Spring Fever

WHETHER INDIVIDUAL ARIZONA cities can compete against Dixie municipalities backed by state money promises to be a pivotal question in the spring training wars. Should Arizona fork over state money to pay for new practice fields, clubhouses or stadiums? It's a question that already has split Mofford's task force.

The committee's vice chairman, Phoenix sports lawyer Joe Garagiola Jr., says state aid is a must. "It has to be part of the package," says Garagiola, son of the jocular television announcer. "I know some people think it's ridiculous. My answer is, the teams aren't going to [spend money] because they don't have to; the people in Florida are willing to do it."

Task force chairman Dwight Patterson, however, opposes the use of state funds. "The cities can do it," he says. Patterson's position is remarkable, for the simple reason that he stands to lose a bundle if the Cactus League goes under. He owns the two Mesa hotels where the Cubs and Brewers stay during spring training, and is also the leader of the HoHoKams, the Mesa booster group that operates 8,500-seat HoHoKam Park. Yet he refuses to endorse a spending war with Florida.

Patterson may be one of the first task force members to have accurately gauged the political breezes, guesses Diffenderfer. Spring baseball primarily affects Maricopa and Pima Counties, notes the professor. And "rural legislators are not going to jump up and down at the idea of using state monies to fund something that primarily affects the Phoenix metro area."

That scenario is confirmed by state Representative Chris Herstam, another task force member. Legislation this session likely will be limited to preserving the status quo by averting a Department of Revenue plan to tax the ticket proceeds of booster groups, he says. Thanks to the severe budget crisis, further state aid is "out of the question."

That means it almost certainly will be left to individual cities to finance goodies for the teams. And, ironically, Patterson's hometown may be the weakest link in the chain. Mesa's "having a budget crunch like everyone else in the state," says assistant city manager Mike Hutchinson. The East Valley can't compete with Phoenix and Scottsdale for bed-tax revenue since those cities have most of the Valley's resorts. And catapulting property values--land in Mesa is going for a minimum of $40,000 an acre, according to Hutchinson--makes it "hard for anyone to give that away as an inducement."

Patterson, though, seems supremely unfazed. The HoHoKams, he says, can finance "whatever we need" simply by raising ticket prices. "Bill Bidwill was charging people $950 for a seat," notes Patterson, adding that if people fly in all the way from Chicago to watch the Cubs, they won't mind paying a few dollars more for the privilege. Besides, he says, it's crazy to think a team would leave a hotbed of support like Mesa for the uncertainty of a Grapefruit League berth.

In some circles, Patterson is viewed as an old fogy who refuses to acknowledge the financial realities of modern sports. "Dwight's in the golden years of his life," notes one exasperated source, who says Patterson's fooling himself if he thinks raising ticket prices will solve Mesa's dilemma.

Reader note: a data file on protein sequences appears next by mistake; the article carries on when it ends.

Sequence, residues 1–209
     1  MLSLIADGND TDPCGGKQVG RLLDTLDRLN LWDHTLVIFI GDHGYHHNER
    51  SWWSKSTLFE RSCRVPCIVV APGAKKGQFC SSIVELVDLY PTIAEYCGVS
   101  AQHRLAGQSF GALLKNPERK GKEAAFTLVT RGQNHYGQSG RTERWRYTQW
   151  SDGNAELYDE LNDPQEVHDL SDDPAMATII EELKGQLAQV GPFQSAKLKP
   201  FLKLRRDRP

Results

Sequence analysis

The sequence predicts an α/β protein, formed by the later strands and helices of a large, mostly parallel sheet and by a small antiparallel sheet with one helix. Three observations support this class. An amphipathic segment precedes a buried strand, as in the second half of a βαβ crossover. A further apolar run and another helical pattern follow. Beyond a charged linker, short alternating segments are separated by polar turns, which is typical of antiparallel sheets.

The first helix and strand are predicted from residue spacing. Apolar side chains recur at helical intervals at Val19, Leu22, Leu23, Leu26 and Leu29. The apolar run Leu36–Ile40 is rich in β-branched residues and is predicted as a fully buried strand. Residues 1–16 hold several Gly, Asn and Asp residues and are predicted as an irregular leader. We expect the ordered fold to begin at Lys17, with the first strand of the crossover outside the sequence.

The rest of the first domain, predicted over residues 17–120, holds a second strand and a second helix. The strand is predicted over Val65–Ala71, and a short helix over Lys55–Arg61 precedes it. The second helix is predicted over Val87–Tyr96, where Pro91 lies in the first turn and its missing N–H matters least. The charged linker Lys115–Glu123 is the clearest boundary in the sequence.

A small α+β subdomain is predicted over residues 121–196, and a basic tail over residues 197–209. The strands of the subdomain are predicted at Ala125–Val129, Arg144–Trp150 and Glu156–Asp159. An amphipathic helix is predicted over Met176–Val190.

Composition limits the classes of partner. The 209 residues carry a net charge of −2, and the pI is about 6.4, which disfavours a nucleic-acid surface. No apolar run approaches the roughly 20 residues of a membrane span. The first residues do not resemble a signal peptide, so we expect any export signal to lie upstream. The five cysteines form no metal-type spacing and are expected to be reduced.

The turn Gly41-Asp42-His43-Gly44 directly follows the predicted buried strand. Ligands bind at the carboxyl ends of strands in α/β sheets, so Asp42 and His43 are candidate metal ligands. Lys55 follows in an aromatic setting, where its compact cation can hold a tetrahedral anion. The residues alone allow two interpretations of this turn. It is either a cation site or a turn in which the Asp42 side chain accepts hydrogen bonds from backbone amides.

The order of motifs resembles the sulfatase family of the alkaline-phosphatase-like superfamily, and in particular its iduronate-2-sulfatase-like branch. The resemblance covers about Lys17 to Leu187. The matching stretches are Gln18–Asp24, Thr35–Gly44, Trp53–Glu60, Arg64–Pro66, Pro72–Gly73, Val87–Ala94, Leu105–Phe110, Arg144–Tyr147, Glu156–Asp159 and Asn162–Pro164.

Patterson's stolid refusal to advocate public subsidies and his rose-colored reckoning are clearly frustrating to task force technocrats, who believe Arizona's only choice is to ram through copycat legislation based on Florida's big-spender theory. He continues to insist, for example, that the Chicago team's corporate owner "isn't really the Cubs," and says the baseball managers will ultimately influence the decision to go or stay.

Patterson is one of the few members of Arizona's baseball bunch who believes the Cactus League could survive a Cubs move. Garagiola says the league has "no margin to work with" and could lose all eight teams if even one leaves. Patterson, though, blasts the domino theory. "Hell no!" he blares when asked if a seven-team league would wither and die. "We started things out with two teams," he says, referring to 1947, when the Cleveland Indians in Tucson and New York Giants in Phoenix became the first teams to permanently settle in Arizona. (The Detroit Tigers wintered in Phoenix in 1929, but left after one year.)

And crotchety or not, Patterson says some things that make sense. He points out, for instance, that the eighteen teams in Florida's Grapefruit League don't all play each other. The league is split into five-, six- and seven-team groups, and teams rarely play those outside their own groups. Suddenly, a six- or seven-team Cactus League seems a lot less disastrous.

MOFFORD AND HER TASK FORCE so far have tended to paint the state of Florida as the black knight in the spring training wars. But Florida, after all, is just exercising the sort of rampant boosterism that made Arizona famous. If there is an evil force in the baseball battle, it's not Ron Safford, a man who is nothing if not straightforward about his intentions. The real Darth Vader for local dealmakers may be the Chicago Cubs, perpetual losers who nonetheless are the hottest team in spring training. The Cubs haven't won a World Series since 1908, but thanks to the herd mentality of Midwestern retirees who watch their games on Chicago superstation WGN, last year they outdrew every other team in spring training--Arizona or Florida. The resulting snottiness of the Cubs, whose lease in Mesa is up next year, has been one of the most fascinating subplots of the spring training mini-crisis.

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Andy Van De Voorde